Ewing Cleveland 53 19 .385
F. Ward Washington 89 36 .306
Dowd St. Louis 123 34 .276

The record of the base runners of the twelve League clubs who have a
record of 10 stolen bases and less than 20 each for 1894 is as follows:

PLAYERS. CLUBS. Games. Stolen Bases.
1. Ewing Cleveland 53 19
2. Shiebeck Pittsburgh 75 19
3. Tucker Boston 122 19
4. Nash Boston 132 19
5. Shock Brooklyn 63 18
6. Reitz Baltimore 109 18
7. Shindle Brooklyn 117 18
8. McAleer Cleveland 64 17
9. Lyons Pittsburgh 72 17
10. Anson Chicago 83 17
11. Pietz St. Louis 100 17
12. Foutz Brooklyn 73 16
13. Zimmer Cleveland 88 15
14. Sullivan Philadelphia. 93 15
15. Canavan Cincinnati 100 15
16. Hassamer Washington 116 15
17. Grimm Louisville 107 14
18. Smith Louisville 39 13
19. O'Connor Cleveland 80 13
20. Robinson Baltimore 106 13
21. Hartman Pittsburgh 49 12
22. Frank St. Louis 80 12
23. Turner Philadelphia. 77 12
24. Ryan Chicago 108 12
25. G. Smith Cincinnati 128 12
26. Bonner Baltimore 27 11
27. McGuire Washington 102 11
28. Richardson Louisville 116 11
29. Mercer Washington 43 10
30. Denny Louisville 70 10
31. Lutenberg Louisville 70 10
32. O'Rourke St. Louis 80 10
33. Farrell New York 112 10

Those who did not steal a single base were pitchers Esper,
Dwyer, J. Clarkson, Ehret, Staley, Whitrock, McGill,
Wadsworth and catcher Buckley.


Season after season finds the fielding in base ball better attended to
than any other department of the game; and it is fortunate for the
business end of professional ball playing that it is so, as skilful
fielding is decidedly the most attractive feature of our national
game. Next to fielding comes base running, and lastly batting. The
reason that so much more skill is shown in the fielding department than
in that of batting, is due to the fact that more attention is giving to
fielding than to batting. Regular training in team-work batting is
practically unknown in the professional arena; while practice in
fielding is given every attention. No game is played now-a-days without
an hour being devoted to preliminary practice in fielding, while
efficient batting is unknown except in the college arena, the
professionals ignoring team-work batting practice in nearly every
club. Hence the superiority fielding has attained over the batting. Go
on any amateur field and watch a game in progress, and you can readily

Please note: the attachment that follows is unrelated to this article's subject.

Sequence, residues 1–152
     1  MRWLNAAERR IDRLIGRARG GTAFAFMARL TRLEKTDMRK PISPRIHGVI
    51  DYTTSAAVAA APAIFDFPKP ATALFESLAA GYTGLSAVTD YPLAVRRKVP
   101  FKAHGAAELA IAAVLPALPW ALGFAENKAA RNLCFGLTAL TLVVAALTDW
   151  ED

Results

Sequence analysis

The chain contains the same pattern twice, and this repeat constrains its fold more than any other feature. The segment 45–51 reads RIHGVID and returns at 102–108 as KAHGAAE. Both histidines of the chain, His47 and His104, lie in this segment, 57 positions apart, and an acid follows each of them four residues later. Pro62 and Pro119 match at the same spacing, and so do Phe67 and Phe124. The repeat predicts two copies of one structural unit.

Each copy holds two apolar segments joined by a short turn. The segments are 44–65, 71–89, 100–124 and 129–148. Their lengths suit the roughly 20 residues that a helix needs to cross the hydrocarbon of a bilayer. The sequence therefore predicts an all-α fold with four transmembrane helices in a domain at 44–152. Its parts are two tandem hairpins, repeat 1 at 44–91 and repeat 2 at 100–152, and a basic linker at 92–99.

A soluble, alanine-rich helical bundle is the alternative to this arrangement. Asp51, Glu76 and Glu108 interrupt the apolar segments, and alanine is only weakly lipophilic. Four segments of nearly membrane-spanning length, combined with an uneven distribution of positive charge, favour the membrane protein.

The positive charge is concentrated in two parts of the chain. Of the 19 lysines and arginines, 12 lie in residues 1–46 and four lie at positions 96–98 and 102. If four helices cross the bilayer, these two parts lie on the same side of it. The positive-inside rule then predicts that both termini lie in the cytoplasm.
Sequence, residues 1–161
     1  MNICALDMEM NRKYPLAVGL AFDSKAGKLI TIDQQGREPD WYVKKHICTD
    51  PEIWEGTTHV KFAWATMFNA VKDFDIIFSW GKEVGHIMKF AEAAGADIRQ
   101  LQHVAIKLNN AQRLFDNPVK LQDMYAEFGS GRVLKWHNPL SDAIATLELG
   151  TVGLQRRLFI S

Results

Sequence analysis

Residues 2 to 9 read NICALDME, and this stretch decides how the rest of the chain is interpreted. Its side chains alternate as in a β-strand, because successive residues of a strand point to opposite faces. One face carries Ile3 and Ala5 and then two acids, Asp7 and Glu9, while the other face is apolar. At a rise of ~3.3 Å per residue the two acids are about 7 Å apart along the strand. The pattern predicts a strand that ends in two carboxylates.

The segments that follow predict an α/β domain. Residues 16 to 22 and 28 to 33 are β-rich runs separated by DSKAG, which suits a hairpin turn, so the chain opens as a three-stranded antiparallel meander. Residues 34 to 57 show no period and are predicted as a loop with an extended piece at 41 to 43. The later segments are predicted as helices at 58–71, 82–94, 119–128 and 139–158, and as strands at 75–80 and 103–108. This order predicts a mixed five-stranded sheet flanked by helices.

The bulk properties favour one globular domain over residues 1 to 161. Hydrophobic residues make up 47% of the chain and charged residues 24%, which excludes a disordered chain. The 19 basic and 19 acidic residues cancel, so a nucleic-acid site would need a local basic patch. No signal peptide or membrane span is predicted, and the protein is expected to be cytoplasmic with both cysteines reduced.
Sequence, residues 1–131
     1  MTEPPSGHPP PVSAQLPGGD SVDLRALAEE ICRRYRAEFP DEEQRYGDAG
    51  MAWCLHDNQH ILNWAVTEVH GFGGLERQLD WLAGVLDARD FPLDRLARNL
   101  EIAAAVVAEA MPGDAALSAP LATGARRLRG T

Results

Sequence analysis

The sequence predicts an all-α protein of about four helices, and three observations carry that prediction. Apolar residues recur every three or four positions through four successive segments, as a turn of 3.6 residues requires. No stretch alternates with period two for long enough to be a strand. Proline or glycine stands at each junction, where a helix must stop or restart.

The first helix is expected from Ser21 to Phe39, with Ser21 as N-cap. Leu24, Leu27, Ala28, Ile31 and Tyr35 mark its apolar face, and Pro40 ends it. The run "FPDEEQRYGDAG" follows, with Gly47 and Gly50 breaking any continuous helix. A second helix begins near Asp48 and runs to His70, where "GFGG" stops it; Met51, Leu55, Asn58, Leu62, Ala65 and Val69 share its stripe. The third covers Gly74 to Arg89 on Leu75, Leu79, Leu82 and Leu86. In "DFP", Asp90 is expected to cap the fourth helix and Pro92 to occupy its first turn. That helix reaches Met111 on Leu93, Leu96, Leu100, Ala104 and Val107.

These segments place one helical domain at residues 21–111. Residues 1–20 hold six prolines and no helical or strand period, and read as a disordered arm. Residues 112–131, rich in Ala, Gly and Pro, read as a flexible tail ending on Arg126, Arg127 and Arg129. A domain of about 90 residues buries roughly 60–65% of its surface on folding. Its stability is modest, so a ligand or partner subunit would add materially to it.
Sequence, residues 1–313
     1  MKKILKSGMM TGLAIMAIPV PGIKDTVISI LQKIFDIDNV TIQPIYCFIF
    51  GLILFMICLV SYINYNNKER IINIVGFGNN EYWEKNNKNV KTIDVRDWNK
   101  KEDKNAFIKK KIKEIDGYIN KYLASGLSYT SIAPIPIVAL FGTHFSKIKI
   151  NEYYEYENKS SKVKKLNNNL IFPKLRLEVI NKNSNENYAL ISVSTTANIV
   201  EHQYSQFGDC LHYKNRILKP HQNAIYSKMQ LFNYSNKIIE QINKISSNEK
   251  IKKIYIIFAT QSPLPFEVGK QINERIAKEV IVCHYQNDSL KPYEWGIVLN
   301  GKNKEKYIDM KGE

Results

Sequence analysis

see the inferiority in fielding exhibited in comparison with that shown
on the professional fields. It is not so in the batting, however. The
reason is that amateurs have not the time to devote to the practice
required to excel in fielding; but they can bat out three-baggers and
home-runs as easily as the record batsmen do in the professional fields;
it is different, however, in the case of doing team-work at the bat,
owing to their not having time for the necessary practice.

Some splendid fielding was done in 1894, but as a whole it was not
superior to that of 1893, or even to that of 1892. One reason for this
was the introduction of the catcher's "big mitt" in the infield
work--something that should not have been allowed. It was due to this
fact that the batting scores were not larger the past season than they
were in 1893, the big mitt on the hands of infielders enabling them to
stop hard hit "bounders" and "daisy cutters" which, but for the use of
the mitts, would have been clean earned base hits. This gave the
infielders an opportunity to materially lessen the base hit record. By a
mistaken calculation, the pitchers were charged with doing less
effective work, single figure games being in a majority last season.

In contrast to the attractions of fine fielding, the average batting of
the period is decidedly behindhand. What sight on a ball field is
prettier to the good judge of the fine points of the game, than to see a
hard hit "bounder" well stopped and accurately thrown from back of third
base over to first base in time to cut off a rapid runner? or to see a